10 March 2011

Caste, Class or Sex?

No Woman, No Revolution, Part 9

N.B. This post is one day early. Part 9a will follow tomorrow. Part 10 is scheduled for 27 March 2011

Caste, Class or Sex?

Evelyn Reed is the author of the 1975 book “Woman’s Evolution”. Unfortunately it is not on the Internet. “Women - Caste, Class or Oppressed Sex” (1970), the essay linked below, contains some of the ideas that were included in the longer work. 

Our picture today is of Valentina Tereshkova, the first woman in space, from the Soviet Union, on 16 June 1963.

Reed writes of “the downfall of women” as if it was a single historic event, which, from the point of view of the “metropolitan” or advanced capitalist countries, it appears to be. Of course Reed was aware, like Engels, that there were still contemporary societies existing on earth which had not experienced the full downfall of women. The downfall has in practice been a long cascade, which is not yet at an end.

The downfall of women is real. It corresponds exactly with the arrival of class-divided society, with its institutions of the patriarchal family, private property and state power. This is what Engels expressed so clearly in 1884, following on from the work of Henry Morgan and Karl Marx. Evelyn Reed does not contradict Engels, but her work opened up the story in more detail.

In “Woman’s Evolution” Reed shows how nearly all the productive technologies that humans still use today for basic survival, from horticulture and animal husbandry to pottery, weaving and leatherwork, and including building and the use of fire, originated in the sphere of the women, which was the human settlement itself.

In this short essay, Reed makes the basic case for the historical and materialist view of human life, from which proceeds an integrated understanding of the entire society of men and women together, and the consequent necessity for socialism. After that, she contrasts and compares with some of her contemporary opponents of forty years ago, whose arguments were similar to those of the bourgeois feminists of today in South Africa. Here are some excerpts from the essay:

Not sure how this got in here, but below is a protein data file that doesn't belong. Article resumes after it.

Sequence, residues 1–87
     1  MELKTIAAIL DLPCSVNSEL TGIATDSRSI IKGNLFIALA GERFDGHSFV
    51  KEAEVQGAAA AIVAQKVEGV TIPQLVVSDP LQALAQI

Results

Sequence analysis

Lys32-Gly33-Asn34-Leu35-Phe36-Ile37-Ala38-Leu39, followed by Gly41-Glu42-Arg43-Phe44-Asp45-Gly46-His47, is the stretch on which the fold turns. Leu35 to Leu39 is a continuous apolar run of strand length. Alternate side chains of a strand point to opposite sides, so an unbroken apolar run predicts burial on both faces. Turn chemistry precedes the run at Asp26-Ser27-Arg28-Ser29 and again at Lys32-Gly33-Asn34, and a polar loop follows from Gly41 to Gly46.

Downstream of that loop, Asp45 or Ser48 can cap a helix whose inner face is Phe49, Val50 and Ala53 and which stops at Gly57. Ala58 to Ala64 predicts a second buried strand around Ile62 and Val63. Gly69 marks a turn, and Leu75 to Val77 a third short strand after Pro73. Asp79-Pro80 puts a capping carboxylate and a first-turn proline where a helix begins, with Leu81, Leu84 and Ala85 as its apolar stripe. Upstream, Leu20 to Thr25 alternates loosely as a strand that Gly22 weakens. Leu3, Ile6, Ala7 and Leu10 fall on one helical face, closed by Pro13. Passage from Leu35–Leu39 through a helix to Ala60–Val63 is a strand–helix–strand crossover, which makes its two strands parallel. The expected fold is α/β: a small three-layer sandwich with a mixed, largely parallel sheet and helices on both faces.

“Under the clan system of the sisterhood of women and the brotherhood of men there was no more possibility for one sex to dominate the other than there was for one class to exploit another. Women occupied the most eminent position because they were the chief producers of the necessities of life as well as the procreators of new life.”

“Woman’s overthrow went hand in hand with the subjugation of the mass of toiling men to the master class of men.”

“Women, then, have been condemned to their oppressed status by the same social forces and relations which have brought about the oppression of one class by another, one race by another, and one nation by another. It is the capitalist system - the ultimate stage in the development of class society - which is the fundamental source of the degradation and oppression of women.”

“…to say that women form a separate caste or class must logically lead to extremely pessimistic conclusions with regard to the antagonism between the sexes in contrast with the revolutionary optimism of the Marxists. For, unless the two sexes are to be totally separated, or the men liquidated, it would seem that they will have to remain forever at war with each other. As Marxists we have a more realistic and hopeful message. We deny that women’s inferiority was predestined by her biological makeup or has always existed.”

Please download and read this text via the following link:

Further reading: